Location : Wicklow, Greystones ,Children’sPlayground by traintrack woodline. Also seen in riparian woodlands by the three trout stream
Wildlife relationship . Lays eggs on Cock’s foot and Yorkshire Fog
Habitat and range
The speckled wood occupies a diversity of grassy, flowery habitats in forest, meadow steppe, forest, woods, and glades. It can also be found in urban areas alongside hedges, in wooded urban parks, and occasionally in gardens. Within its range the speckled wood typically prefers damp areas. It is generally found in woodland areas throughout much of the Palearctic realm. P. a. tircis is found in northern and central Europe, Asia Minor, Syria, Russia, and central Asia, and the P. a. aegeria is found in southwestern Europe and North Africa. Two additional subspecies are found within the British Isles: the Scottish speckled wood (P. a. oblita) is restricted to Scotland and its surrounding isles, and the Isles of Scilly speckled wood (P. a. insula) is found only on the Isles of Scilly. P. a. tricis and P. a. aegeria gradually intergrade into each other.[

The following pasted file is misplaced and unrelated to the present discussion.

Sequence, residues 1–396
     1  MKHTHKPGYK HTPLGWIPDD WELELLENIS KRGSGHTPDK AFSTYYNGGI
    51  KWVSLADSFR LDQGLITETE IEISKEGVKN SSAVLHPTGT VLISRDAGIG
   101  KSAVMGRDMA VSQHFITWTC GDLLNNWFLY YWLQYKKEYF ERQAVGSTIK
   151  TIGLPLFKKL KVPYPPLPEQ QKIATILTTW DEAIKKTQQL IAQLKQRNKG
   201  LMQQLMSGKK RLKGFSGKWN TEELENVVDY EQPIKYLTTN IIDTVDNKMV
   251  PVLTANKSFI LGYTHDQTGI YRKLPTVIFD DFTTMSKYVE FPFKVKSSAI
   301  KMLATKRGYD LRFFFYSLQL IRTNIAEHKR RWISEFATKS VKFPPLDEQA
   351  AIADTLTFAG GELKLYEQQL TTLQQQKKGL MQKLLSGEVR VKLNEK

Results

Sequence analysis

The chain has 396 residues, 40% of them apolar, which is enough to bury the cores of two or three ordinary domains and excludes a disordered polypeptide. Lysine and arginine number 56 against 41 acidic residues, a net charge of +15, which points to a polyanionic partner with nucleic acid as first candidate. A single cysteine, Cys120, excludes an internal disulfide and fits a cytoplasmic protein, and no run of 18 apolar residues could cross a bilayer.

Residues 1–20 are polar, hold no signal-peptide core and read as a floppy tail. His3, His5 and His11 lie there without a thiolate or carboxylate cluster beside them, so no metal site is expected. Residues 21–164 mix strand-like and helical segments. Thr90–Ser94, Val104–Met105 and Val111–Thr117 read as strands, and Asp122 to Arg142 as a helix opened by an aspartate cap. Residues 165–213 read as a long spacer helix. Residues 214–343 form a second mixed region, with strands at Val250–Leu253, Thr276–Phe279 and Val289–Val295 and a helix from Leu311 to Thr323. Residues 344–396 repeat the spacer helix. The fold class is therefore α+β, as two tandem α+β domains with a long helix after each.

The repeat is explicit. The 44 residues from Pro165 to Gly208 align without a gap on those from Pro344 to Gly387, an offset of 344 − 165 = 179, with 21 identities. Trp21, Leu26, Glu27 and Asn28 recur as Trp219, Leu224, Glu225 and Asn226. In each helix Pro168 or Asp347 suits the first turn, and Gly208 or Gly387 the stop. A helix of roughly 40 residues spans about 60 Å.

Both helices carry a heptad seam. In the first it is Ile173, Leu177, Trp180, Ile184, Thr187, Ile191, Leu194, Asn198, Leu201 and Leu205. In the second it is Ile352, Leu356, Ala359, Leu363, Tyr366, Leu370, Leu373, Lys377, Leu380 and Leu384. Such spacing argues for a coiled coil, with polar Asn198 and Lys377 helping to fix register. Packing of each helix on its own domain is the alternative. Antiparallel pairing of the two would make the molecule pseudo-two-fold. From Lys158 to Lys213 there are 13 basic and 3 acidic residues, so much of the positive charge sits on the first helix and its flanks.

In the speckled wood butterfly females are monandrous; they typically only mate once within their lifetime. On the other hand, males are polygynous and typically mate multiple times. In order to locate females, males employ one of two strategies: territorial defense and patrolling.
During territorial defense, the male defends a sunny spot in the forest, waiting for females to stop by. Another strategy is patrolling, during which males fly through the forest actively searching for females. Then, the female must make a choice between mating with a patrolling male or a territorial male. By mating with a territorial male, a female can be sure that she has chosen a high quality male, as the ability to defend a territory reflects the genetic quality of a male. Therefore, by choosing a territorial male, the female is being more picky about which male she chooses to mate with.
The choice is most likely dependent on the search costs associated with finding a mate. When actively searching for a male, a female must spend her precious time and energy, which results in search costs, especially when she has a limited life span. As search costs increase, female choosiness for a mate decreases. For example, if a female’s life span is shorter, she has a higher cost associated with searching for the ideal mate. Therefore, she is likely to mate within a day of her emergence as an adult, and will most likely mate with a patrolling male, as they are easier to find. However, if a female lifespan is longer, then the search costs associated with finding a mate are lower. The female is then more likely to actively search for a territorial male. Since the search costs vary depending on environmental conditions, strategies vary from population to population.